Many people were still coming to terms with the unexpected sacking of vice president Emmerson Mnangangwa. Then, early in the morning a heavy presence of the army on the streets o, Harare signalled danger. The army seized control, essentially ousting President Robert Mugabe, who has been in power for 37 years since independence from Britain in 1980.
Captured state-broadcaster Zimbabwe Broadcasting Corporation (ZBC), announced the military takeover early in the morning, the culmination of events that started to become apparent on Tuesday evening, when military vehicles headed towards the capital. Army spokesperson Major General Sibusiso Moyo said on national television the takeover was temporary, and meant to restore order in the ruling Zanu-PF party.
On the streets of Harare, we saw heavily armed soldiers on foot, backed by tanks, take control of key government institutions.
They blocked roads leading to key centres of power such as Parliament, the President’s offices at Munhumutapa building, High Court and Supreme Court, as well Defense House, the head office of the Zimbabwe Defence Forces.
Some workers at Parliament, including uniformed police officers, were forced to sit on the ground for hours in a single file.
An armed soldier in full combat gear controlled traffic coming into town. He looked angry, and dressed for war. The sight of the serious-looking youthful soldier was frightful to many passers-by. Motorists, accustomed to daily harassment by corrupt traffic police for whom they have lost respect, sheepishly complied with a single soldier’s directives.
From a balcony at a building in the heart of the city, we saw soldiers turning away vehicles from using the blocked roadways.
Pedestrians passed through freely, although, in some instances, were forced onto the ground, to sit on the rain-soaked tarmac.
Harare’s central business district, infamous for its chaotic set-up caused by innumerable streets vendors and public mini-buses, looked like a ghost-town. The streets were largely deserted. Downtown Harare, usually a hive of entrepreneurial activity, was sombre. Several shops closed for the day fearing an uprising.
The army had earlier urged people to go about their business as usual. But few were willing to take the risk. Some banks did, and remained open, with their trademark long queues.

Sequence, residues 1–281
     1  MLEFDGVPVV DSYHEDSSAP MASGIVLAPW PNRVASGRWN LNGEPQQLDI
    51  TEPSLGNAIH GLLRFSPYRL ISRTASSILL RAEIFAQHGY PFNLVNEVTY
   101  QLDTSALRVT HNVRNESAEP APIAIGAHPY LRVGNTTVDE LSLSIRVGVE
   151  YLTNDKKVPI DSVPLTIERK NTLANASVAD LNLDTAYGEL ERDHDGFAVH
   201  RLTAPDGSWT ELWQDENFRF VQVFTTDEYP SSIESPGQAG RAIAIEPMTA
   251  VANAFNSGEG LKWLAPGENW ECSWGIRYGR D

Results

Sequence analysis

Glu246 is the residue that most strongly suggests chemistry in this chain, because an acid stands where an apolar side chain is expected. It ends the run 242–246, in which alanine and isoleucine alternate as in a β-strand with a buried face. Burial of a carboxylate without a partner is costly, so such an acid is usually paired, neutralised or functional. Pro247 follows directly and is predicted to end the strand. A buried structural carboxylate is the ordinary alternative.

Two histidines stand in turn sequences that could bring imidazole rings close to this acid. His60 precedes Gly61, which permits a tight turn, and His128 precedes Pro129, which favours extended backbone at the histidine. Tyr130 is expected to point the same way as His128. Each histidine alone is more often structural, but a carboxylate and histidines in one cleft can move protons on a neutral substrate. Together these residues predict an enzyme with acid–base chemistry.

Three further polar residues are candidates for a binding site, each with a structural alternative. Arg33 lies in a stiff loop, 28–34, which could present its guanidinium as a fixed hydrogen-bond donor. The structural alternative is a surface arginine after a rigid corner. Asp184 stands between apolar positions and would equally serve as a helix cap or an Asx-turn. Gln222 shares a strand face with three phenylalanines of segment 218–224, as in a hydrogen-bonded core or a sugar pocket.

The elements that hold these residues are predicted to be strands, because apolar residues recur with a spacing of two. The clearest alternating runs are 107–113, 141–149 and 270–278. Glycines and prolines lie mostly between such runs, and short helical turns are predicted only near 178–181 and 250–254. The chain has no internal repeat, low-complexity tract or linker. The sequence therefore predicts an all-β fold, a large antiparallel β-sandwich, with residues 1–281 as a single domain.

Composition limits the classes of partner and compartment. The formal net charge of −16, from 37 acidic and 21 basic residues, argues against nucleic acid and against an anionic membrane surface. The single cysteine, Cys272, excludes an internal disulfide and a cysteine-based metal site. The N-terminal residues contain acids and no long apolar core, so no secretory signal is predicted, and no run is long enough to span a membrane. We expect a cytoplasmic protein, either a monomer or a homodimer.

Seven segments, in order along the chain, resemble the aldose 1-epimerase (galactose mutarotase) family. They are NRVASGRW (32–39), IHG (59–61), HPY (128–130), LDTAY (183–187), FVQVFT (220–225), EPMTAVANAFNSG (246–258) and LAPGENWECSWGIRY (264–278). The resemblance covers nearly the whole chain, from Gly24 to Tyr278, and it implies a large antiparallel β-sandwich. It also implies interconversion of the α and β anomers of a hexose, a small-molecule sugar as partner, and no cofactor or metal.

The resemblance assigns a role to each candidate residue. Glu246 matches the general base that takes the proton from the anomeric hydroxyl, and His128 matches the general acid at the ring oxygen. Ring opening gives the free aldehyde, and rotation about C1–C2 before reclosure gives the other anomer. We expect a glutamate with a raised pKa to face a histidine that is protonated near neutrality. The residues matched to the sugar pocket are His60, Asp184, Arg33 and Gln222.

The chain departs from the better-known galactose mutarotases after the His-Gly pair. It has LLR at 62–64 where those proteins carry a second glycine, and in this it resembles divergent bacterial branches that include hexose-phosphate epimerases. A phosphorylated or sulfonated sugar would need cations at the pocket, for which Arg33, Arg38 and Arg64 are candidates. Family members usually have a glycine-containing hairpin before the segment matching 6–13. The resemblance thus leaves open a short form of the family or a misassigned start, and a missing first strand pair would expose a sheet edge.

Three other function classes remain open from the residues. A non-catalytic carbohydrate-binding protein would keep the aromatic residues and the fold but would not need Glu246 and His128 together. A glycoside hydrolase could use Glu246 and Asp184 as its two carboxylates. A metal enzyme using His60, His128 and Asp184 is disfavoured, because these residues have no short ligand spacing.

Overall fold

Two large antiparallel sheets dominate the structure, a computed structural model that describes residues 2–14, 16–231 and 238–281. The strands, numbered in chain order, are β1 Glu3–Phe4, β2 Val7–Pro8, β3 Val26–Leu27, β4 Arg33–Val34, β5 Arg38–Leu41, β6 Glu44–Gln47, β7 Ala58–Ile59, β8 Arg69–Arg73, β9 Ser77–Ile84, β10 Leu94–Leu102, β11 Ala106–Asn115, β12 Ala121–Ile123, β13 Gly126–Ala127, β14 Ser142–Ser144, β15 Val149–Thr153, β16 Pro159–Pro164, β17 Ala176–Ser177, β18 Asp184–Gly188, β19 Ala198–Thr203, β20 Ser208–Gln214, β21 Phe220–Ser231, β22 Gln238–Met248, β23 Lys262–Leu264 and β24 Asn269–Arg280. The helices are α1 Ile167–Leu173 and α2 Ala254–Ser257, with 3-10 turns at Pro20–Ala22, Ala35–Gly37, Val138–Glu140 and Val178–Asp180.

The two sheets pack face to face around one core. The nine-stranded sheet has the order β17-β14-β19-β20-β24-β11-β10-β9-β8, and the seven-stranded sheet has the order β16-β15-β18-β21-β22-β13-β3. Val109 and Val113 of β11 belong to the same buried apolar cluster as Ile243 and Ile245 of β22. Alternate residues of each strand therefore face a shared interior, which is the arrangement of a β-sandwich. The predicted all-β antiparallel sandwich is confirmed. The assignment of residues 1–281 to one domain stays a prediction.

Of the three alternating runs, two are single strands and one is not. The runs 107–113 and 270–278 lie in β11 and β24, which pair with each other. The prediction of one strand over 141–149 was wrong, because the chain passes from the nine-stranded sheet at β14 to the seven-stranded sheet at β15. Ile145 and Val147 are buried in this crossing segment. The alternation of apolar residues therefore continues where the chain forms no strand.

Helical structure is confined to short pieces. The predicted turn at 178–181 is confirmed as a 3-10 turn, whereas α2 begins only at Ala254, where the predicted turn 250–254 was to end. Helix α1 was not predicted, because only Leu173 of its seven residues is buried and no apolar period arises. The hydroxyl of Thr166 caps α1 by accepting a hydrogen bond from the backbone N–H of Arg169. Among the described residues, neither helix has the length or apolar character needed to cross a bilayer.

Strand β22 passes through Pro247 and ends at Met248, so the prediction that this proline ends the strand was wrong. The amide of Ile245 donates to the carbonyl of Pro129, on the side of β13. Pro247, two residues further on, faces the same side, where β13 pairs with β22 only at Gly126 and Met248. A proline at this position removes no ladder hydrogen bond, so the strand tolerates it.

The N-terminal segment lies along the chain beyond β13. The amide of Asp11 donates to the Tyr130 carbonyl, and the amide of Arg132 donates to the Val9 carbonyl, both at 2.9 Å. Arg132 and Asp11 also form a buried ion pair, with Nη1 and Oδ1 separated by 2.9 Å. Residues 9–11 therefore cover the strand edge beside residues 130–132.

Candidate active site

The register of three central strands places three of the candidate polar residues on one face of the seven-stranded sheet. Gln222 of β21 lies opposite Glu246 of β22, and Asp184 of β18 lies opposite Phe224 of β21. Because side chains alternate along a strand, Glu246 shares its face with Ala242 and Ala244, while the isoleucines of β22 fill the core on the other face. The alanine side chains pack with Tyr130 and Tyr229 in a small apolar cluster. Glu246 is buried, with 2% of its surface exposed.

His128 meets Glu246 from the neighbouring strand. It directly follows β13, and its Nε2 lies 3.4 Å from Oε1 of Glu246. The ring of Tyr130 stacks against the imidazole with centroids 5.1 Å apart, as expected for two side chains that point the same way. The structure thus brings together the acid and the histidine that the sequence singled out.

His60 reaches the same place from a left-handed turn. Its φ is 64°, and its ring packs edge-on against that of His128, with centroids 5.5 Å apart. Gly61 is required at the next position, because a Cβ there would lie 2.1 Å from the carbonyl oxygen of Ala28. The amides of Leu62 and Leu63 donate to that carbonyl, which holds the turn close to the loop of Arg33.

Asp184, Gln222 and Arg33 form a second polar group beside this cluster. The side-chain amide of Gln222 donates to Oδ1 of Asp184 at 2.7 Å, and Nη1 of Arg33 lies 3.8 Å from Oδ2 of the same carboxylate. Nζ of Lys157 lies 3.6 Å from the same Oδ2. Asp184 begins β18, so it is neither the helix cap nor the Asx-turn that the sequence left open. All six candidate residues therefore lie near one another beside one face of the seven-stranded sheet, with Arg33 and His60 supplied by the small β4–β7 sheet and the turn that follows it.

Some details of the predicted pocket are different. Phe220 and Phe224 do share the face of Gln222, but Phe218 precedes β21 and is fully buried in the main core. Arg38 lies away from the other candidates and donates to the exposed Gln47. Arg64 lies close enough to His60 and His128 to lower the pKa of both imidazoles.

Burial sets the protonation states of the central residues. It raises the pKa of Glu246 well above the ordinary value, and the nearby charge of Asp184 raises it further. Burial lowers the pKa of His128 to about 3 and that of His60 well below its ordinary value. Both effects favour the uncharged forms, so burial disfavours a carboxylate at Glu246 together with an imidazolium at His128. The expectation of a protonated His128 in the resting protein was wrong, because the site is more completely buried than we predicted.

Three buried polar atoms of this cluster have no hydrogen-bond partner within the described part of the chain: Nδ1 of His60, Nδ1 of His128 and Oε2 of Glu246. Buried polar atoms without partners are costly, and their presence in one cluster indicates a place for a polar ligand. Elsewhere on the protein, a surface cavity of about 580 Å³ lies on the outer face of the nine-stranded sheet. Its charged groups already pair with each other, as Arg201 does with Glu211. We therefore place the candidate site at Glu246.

By about 3pm, the atmosphere had become more relaxed. Street vendors started returning to the city centre. Other roads close to Parliament had been re-opened enabling more free movement.
Ever so quick to turn serious national issues into comical jokes on social media, Zimbabweans have behaved no differently this time around. Facebook, Twitter and WhatsApp has been in overdrive, announcing Mugabe’s ouster in a combination of fear, uncertainty and excitement.
We met Godfrey Wozhele, a graphic artist, who, laughing scornfully, said that “These guys [military] have done a great service to us. We needed such relief!” By end-of-day on Thursday, two days after the military takeover, the situation in Harare remains peaceful, with a bit more activity returning.
The tanks are still here, but in fewer numbers and at strategic locations. Soldiers continue to roam the streets, and some roads remained blocked.
The capital city is on edge, unsure of the direction that political leadership in Zimbabwe will take.
There has been a mixture of fear and excitement. There was fear posed by the presence of soldiers and army tanks. Yet on the other hand, people spoke in hushed tones but full of anticipation.
This is a significant moment: at no other time has the military publicly intervened in the running of the country and government by politicians.
Mugabe has yet to make a public appearance since being captured by the army on 15 November. The army insists he and his family are safe. Unconfirmed reports say that Mugabe has agreed to step-down following a meeting with Zimbabwe Defence Forces commander General Constatino Chiwenga at State House late Thursday evening.
Published originally on GroundUp
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